Bert Haanstra’s Evoluon was a short promotional film which was broadcast regularly by the BBC from 1968 to 1972 for trade test purposes, although I don’t recall ever seeing it before. Being someone who’s always liked architecture that looks like it fell out of a science-fiction magazine (preferably with a name to match: Skylon, Atomium, Space Needle, etc), an exhibition centre shaped like a flying saucer would have made an impression. British TV schedules were often empty during the daytime so films like this were broadcast for the benefit of TV retailers who needed something better than the testcard flickering on the screens of their brand-new colour boxes. As a science museum Evoluon looks like it was more fun to visit than the London Science Museum, with a profusion of interactive exhibits. (Although this isn’t to say that the London museum isn’t worthwhile, I went there several times in the 1970s. They have many large historical exhibits in the bigger halls, including the re-entry module from Apollo 10.) The music in Haanstra’s film isn’t much better than the bland testcard soundtracks but you do hear a snatch of eerie sound produced by a Cristal Baschet when the unique instrument makes a brief appearance. Philips’ own record division had many more suitable soundtracks at this time via their very collectable Prospective 21e Siècle recordings of avant-garde music. Most of these records aren’t easy listening by any means but the series was aiming at the same idea of a shiny future filled with surprising novelties.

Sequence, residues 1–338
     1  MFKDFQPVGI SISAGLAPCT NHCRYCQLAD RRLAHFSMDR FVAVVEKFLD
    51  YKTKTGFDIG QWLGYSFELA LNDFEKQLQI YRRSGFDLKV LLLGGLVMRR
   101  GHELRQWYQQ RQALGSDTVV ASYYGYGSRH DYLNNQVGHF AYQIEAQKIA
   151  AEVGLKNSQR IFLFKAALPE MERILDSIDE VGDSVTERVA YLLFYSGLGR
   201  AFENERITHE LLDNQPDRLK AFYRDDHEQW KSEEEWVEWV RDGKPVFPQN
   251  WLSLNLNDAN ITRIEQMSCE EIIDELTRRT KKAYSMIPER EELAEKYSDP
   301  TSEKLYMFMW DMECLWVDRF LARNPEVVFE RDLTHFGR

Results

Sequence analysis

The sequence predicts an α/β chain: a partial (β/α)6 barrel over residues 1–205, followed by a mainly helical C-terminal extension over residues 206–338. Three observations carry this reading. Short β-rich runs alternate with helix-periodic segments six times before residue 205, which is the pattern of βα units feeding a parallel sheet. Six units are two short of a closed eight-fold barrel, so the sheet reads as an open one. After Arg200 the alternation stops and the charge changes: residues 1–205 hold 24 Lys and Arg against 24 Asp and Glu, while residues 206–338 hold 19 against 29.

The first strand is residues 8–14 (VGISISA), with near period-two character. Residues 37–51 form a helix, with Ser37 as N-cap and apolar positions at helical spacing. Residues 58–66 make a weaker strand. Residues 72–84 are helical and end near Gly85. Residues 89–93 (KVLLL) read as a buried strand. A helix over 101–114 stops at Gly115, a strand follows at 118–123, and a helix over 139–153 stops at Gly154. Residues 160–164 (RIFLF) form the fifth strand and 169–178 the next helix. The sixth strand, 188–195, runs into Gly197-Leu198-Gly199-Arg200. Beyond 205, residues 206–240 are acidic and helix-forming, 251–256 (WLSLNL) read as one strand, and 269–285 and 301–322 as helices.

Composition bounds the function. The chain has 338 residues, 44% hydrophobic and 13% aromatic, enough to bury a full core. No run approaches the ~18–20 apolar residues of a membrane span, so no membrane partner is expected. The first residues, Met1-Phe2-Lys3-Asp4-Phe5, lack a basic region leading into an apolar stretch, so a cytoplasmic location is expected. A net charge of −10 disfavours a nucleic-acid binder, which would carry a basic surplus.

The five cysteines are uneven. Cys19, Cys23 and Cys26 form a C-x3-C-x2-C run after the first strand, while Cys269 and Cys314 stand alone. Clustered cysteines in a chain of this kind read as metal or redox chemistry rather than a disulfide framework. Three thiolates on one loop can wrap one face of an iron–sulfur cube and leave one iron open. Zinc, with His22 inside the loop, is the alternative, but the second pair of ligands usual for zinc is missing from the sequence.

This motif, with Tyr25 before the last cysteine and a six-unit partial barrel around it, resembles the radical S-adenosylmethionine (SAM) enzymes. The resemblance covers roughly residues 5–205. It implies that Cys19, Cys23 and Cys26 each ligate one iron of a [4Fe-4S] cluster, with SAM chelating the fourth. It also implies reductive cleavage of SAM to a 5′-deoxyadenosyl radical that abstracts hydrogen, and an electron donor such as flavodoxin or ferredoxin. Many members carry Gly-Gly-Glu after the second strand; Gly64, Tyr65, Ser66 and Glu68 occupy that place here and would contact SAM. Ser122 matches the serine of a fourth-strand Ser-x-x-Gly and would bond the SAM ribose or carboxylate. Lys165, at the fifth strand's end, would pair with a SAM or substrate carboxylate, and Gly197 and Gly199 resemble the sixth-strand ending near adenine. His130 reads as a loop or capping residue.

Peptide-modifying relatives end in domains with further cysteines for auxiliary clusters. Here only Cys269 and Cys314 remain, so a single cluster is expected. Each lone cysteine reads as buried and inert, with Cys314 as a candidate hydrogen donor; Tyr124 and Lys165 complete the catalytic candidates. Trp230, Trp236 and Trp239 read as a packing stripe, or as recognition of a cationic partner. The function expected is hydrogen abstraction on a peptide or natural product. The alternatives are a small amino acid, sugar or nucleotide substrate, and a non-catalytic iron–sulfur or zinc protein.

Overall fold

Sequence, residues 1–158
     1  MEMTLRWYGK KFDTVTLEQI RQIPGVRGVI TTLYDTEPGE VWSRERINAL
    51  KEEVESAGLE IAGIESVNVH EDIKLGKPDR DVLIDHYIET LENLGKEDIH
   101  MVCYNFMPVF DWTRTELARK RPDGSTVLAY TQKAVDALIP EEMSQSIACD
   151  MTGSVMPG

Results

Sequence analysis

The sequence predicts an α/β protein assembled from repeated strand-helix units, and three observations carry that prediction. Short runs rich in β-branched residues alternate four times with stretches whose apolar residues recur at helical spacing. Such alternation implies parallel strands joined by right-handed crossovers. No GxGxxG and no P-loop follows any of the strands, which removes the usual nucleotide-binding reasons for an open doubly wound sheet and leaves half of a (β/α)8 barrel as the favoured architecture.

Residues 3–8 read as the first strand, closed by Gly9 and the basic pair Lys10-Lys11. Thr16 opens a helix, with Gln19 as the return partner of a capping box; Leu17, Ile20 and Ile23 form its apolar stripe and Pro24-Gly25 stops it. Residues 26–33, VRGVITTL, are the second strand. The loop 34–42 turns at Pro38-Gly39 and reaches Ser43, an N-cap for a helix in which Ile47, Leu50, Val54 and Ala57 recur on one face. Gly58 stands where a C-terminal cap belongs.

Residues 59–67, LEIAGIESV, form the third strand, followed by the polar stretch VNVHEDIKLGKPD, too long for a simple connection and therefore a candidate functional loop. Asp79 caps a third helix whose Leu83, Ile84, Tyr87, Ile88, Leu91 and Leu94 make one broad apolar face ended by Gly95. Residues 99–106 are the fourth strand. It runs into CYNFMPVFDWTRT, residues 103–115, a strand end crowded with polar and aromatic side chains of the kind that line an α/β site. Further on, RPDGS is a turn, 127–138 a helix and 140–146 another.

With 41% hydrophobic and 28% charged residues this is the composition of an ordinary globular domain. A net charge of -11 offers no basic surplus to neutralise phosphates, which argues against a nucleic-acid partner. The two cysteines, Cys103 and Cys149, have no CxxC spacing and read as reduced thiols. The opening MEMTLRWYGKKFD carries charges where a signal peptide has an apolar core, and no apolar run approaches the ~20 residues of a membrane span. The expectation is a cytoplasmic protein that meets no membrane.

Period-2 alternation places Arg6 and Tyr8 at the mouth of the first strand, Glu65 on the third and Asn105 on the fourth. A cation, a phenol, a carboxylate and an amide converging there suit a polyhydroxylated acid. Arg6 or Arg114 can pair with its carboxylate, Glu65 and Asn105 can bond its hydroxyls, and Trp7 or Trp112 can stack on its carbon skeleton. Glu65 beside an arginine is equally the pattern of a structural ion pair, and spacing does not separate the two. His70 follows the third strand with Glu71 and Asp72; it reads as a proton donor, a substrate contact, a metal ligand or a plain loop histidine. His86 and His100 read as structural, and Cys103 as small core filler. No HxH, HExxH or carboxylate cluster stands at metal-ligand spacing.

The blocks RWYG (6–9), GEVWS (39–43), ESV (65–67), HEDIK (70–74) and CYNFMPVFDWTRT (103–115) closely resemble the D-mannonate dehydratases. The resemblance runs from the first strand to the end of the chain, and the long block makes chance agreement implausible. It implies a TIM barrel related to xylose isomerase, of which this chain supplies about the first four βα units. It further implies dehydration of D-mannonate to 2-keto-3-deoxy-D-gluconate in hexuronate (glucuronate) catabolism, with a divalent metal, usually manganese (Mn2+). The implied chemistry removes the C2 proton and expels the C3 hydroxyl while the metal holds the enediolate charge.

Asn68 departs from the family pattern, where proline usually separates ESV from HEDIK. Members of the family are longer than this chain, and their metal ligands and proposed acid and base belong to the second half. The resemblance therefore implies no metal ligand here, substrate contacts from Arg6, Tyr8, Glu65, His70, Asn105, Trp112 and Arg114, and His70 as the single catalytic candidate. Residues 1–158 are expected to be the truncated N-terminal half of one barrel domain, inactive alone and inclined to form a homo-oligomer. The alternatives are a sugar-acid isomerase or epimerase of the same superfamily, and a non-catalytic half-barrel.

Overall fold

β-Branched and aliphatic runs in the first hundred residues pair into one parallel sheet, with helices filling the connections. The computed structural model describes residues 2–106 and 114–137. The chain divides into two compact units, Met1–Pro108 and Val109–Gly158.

And speaking of “futuristic” music, a computer-generated Evoluon may be seen flying through the 3-D concert visuals for Spacelab by Kraftwerk who also played one of their recent concerts inside the building. I thought they could have done more with the visuals for this number, and with some of the other videos in the 3-D collection. Maybe they look better through 3-D glasses. I wouldn’t know, my eyesight has always been (and will remain) resolutely two-dimensional.

Previously on { feuilleton }
The world of the future
Space Needle USA

Kling Klang rundfunk


Kraftwerk on film and video, courtesy of recent uploads at the Internet Archive. These are mainly promotional clips, together with a few choice TV appearances. I’ve never liked music videos very much, even ones made for music that I enjoy a great deal, but I’m always curious to see how Kraftwerk portrayed themselves at different stages of their career, especially the early years when they were still tuning the group persona. I’m fairly sure I hadn’t seen the videos for Radioactivity and Antenna before, while some of the later videos are present in two or more versions. The quality is variable but that’s how things go with this group; everything from 1970 to 73 is treated like a period that never happened, while the years from 1974 to 1981 have been subject to continual revision. Kraftwerk is unique in being a very popular group that buries or reworks much of its own history, record covers included, leaving us with a trail of deleted or neglected “produkt” that ends up circulating secondhand or in bootleg form. A couple of these promo videos have been attached to CD singles but only a small portion of this material has been recycled into the official catalogue as it stands today.